Photos of Alex Hall, Florie Namir and Rupert Caney at The Bedford by Kevin England
You can watch The Bedford show here in its entirety on The Bedford's Facebook Page. It should hopefully be added to the venue's YouTube page shortly too.
And so to Thursday night which saw three recent Glastonbury Festival confirmees together in a kind of pre-Green Futures celebratory night at the Bread and Roses pub in Clapham. First up was British-Spanish songstress Nadia Sheikh who will be appearing at the Festival with her band but tonight was playing a solo set, alternating between acoustic guitar and keyboard. She is a confident performer with a characterful, soulful twist to her voice, soft one moment yet able to rachet up the power at ease. Nadia is equally adept at setting up vocal and guitar loops and soon commanded an initially noisy room with her presence and strong suit of songs. Tonight’s included several unreleased tracks amid the familiar and a stand out for me was her sheer lyricism on the emotive "The Wire", shown below as a studio live recording.
Following Nadia’s set, our old friend Alex Hall took the stage with a slightly different set of songs to the previous evening’s selection with a welcome addition in the shape of the delightfully nostalgic and whimsical “Pterodactyl”, replete with a splendid trumpet solo. Alex will undoubtedly wow them at Glastonbury in June.
Photos of Nadia Sheikh and Andrew Maxwell Morris at Bread and Roses by Joseph Hitchcock
While Nadia and Alex will be making their Glastonbury debuts this June, topping tonight’s Bread and Roses fare was festival regular, Andrew Maxwell Morris and his ace band featuring guitar, bass, keys and drums. A veteran of around ten Glastonburys to date, I have frequently remarked in reviews that this passionate and honest singer-songwriter would easily translate to one of the festival’s bigger stages. Andrew confessed that he hadn’t played live for well over two years but tonight’s set scarcely showed any rustiness. The band was tight and precise in its execution of three bright new songs bookended by cuts from Andrew’s earlier albums, from the earnest solo opener, “Dust”, to the heady Americana of the closing song, “Lost My Soul”, which has all the passion, immediacy and energy of his best work. I’ll leave you with the absorbing “Well Tread Roads”, a well-chosen homage to the life of a musician.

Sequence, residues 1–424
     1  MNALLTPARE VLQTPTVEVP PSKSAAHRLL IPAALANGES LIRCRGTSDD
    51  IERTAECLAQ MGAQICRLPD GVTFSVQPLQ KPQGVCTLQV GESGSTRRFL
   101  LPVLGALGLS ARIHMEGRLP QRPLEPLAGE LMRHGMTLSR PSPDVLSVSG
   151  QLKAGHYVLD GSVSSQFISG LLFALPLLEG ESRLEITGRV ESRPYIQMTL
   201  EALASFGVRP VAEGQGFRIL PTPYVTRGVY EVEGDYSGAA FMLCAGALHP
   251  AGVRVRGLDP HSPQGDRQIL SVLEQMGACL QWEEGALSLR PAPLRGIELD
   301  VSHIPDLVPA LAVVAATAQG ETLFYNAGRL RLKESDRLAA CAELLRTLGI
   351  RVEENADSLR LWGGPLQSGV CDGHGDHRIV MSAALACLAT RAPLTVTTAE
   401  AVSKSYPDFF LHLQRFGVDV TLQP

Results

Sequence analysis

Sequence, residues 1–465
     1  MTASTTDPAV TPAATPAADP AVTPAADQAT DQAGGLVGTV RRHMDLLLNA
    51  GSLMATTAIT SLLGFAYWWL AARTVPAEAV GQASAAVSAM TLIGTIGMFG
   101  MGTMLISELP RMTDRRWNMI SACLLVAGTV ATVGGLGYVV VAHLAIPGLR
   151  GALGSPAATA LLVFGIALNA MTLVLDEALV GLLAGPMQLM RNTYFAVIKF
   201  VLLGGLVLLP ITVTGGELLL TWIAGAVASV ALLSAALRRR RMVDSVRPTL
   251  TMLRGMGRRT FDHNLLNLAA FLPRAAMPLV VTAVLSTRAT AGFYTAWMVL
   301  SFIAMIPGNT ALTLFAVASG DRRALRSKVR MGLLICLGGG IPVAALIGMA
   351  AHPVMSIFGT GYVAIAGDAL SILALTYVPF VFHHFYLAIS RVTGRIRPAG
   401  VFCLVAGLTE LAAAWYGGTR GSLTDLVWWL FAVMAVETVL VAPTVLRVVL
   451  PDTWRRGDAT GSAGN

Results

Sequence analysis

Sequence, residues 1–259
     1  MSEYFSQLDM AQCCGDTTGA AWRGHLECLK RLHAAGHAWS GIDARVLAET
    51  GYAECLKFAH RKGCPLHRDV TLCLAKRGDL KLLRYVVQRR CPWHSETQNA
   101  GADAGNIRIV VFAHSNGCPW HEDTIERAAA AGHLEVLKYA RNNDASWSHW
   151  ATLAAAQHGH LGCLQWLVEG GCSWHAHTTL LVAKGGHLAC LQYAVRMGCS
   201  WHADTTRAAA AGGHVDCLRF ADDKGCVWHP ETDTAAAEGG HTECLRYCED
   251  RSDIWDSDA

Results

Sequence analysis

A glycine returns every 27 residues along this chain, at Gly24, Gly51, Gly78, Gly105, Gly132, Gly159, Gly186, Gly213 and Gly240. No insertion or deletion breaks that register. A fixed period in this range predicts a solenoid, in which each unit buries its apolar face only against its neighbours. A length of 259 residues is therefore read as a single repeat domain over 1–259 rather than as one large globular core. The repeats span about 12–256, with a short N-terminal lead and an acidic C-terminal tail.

Back to last week’s Fifty3 Fridays now. Thank you to all those (Sid & Doris Rocker) who wrote in to say how much they loved hearing that weird and wonderful instrument the theremin featured in last week’s column and was I serious about the musical saw making a comeback. I am afraid this was something of a smokescreen but it does give me the excuse to dust off “Endlessly” by the wonderful Mercury Rev off one of the finest albums ever recorded, Deserter’s Songs. There you have it; probably my favourite song featuring a musical saw which imparts a kind of siren romantic shiver to the song in perfect accord with the melancholy of the lyrics. "And of all the stars above only one reminds her of leaving you again, endlessly."
Finally, from all the stars above to “A Million Other Suns”. We first met up with the dream pop duo of Chloe Little and James Taylor aka Wings of Desire in February via the thoughtful musings of the single, “Perfect World”. A few weeks later the pair made it through to the longlist of the Glastonbury Emerging Talent Competition 2022 with the euphoric “Choose A Life”. The duo’s latest release keeps up the good work and makes a fine closer to today’s action.
I STAND WITH UKRAINE